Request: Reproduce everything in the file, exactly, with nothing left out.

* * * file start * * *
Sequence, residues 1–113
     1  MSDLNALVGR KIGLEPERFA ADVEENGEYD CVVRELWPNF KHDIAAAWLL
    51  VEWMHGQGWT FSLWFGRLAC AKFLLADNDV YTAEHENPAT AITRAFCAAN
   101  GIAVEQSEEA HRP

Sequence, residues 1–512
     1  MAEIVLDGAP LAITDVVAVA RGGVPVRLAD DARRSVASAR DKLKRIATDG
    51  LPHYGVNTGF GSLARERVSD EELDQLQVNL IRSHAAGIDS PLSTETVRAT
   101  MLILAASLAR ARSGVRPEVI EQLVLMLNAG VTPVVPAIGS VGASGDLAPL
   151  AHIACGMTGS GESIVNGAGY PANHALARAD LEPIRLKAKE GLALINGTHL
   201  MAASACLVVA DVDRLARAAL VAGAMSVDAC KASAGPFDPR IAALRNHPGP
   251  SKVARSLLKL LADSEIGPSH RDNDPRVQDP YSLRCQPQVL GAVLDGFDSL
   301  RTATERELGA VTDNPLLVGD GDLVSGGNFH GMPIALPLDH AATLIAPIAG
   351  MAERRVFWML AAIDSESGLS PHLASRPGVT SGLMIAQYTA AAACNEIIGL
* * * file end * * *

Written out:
Sequence, residues 1–113
     1  MSDLNALVGR KIGLEPERFA ADVEENGEYD CVVRELWPNF KHDIAAAWLL
    51  VEWMHGQGWT FSLWFGRLAC AKFLLADNDV YTAEHENPAT AITRAFCAAN
   101  GIAVEQSEEA HRP

Sequence, residues 1–512
     1  MAEIVLDGAP LAITDVVAVA RGGVPVRLAD DARRSVASAR DKLKRIATDG
    51  LPHYGVNTGF GSLARERVSD EELDQLQVNL IRSHAAGIDS PLSTETVRAT
   101  MLILAASLAR ARSGVRPEVI EQLVLMLNAG VTPVVPAIGS VGASGDLAPL
   151  AHIACGMTGS GESIVNGAGY PANHALARAD LEPIRLKAKE GLALINGTHL
   201  MAASACLVVA DVDRLARAAL VAGAMSVDAC KASAGPFDPR IAALRNHPGP
   251  SKVARSLLKL LADSEIGPSH RDNDPRVQDP YSLRCQPQVL GAVLDGFDSL
   301  RTATERELGA VTDNPLLVGD GDLVSGGNFH GMPIALPLDH AATLIAPIAG
   351  MAERRVFWML AAIDSESGLS PHLASRPGVT SGLMIAQYTA AAACNEIIGL